Characterization of cytolytic T lymphocyte (CTL) responses to tumor antigens has been impeded by a lack of direct assays of CTL activity. We have synthesized reagents (“tetramers”) that specifically stain CTLs recognizing melanoma antigens. Tetramer staining of tumor-infiltrated lymph nodes ex vivo revealed high frequencies of tumor-specific CTLs which were antigen-experienced by surface phenotype. In vitro culture of lymph node cells with cytokines resulted in very large expansions of tumor-specific CTLs that were dependent on the presence of tumor cells in the lymph nodes. Tetramer-guided sorting by flow cytometer allowed isolation of melanoma-specific CTLs and confirmation of their specificity and their ability to lyse autologous tumor cells. Our results demonstrate the value of these novel reagents for monitoring tumor-specific CTL responses and for generating CTLs for adoptive immunotherapy. These data also indicate that strong CTL responses to melanoma often occur in vivo, and that the reactive CTLs have substantial proliferative and tumoricidal potential.
he recent molecular characterization of tumor antigens recognized by MHC class I–restricted human CTLs has opened up new possibilities for the immunotherapy of cancer. It is now well established that human tumor cells, notably cutaneous melanoma, may express multiple CTL-defined antigens that are shared among tumors, providing the prospect for generic vaccines applicable to large subsets of cancer patients (1, 2). Hence, numerous clinical trials are underway aimed at inducing vigorous CTL responses against defined tumor antigens. However, further progress in understanding natural or vaccine-induced CTL responses to tumor antigens has been prevented by the lack of direct assays of CTL activity. Previous assays for detection of antigen-specific CTLs have depended on their ability to proliferate extensively and acquire lytic activity, or to release relatively large amounts of cytokine (3), such that accurate quantification of these cells has not been possible. The necessity of stimulating CTLs with antigen in order to detect them has also prevented characterization of their phenotype in vivo. Recently, tetrameric arrays of soluble class I MHC–peptide complexes (“tetramers”) have been used to identify antigen-specific CTLs (4), and techniques for detecting and isolating low-frequency CTLs using these reagents have been developed and validated (5). We report here the first analyses of patient samples using tetramers incorporating melanoma-derived antigenic peptides. These reagents were used to directly enumerate and phenotype melanoma-specific CTLs ex vivo from both metastatic lesions and peripheral blood, using multiparameter flow cytometry.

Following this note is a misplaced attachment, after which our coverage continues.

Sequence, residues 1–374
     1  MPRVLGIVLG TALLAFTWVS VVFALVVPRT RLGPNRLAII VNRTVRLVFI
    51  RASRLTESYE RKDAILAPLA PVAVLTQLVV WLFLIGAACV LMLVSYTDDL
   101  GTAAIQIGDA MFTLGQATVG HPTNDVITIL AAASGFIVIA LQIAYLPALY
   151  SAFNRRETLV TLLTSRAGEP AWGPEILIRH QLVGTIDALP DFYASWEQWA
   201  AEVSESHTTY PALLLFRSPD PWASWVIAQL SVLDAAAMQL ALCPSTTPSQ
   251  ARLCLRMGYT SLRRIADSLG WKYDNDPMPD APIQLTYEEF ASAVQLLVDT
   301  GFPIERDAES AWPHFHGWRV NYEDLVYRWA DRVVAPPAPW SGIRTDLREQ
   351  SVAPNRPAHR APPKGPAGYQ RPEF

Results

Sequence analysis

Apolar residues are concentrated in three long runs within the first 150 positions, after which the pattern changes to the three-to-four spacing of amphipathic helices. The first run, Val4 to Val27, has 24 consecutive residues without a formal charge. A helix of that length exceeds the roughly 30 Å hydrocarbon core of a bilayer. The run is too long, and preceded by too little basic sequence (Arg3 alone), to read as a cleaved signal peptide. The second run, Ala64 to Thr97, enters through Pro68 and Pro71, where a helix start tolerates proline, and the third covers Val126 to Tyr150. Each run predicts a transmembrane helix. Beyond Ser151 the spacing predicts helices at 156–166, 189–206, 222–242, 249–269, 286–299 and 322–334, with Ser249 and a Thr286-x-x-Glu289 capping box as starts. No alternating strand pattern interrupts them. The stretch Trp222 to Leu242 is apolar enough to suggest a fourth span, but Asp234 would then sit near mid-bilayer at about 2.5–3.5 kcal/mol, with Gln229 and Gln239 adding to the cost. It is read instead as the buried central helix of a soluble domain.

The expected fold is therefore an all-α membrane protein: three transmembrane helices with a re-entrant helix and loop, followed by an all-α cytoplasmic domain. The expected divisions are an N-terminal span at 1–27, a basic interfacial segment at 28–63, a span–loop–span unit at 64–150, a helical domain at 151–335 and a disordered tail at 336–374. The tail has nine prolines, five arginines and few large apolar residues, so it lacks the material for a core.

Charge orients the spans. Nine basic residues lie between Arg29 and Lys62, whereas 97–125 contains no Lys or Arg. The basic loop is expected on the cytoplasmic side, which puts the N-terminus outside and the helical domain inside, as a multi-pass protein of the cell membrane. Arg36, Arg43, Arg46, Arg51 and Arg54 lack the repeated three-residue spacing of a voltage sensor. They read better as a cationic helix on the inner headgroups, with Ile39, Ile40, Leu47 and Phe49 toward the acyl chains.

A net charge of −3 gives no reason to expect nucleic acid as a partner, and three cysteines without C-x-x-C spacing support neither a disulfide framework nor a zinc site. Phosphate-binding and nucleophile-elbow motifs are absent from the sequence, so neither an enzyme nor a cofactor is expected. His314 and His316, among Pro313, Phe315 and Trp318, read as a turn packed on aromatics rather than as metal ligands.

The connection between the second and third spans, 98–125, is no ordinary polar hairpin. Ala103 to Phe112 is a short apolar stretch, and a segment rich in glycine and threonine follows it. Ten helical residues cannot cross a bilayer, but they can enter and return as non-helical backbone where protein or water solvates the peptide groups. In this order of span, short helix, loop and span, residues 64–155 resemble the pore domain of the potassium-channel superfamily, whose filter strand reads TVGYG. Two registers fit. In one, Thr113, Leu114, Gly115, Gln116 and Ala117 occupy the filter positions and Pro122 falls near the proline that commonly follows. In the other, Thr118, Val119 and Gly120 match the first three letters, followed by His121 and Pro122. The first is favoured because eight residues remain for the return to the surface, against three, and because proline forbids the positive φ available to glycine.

Materials And Methods
Tissues and Cells.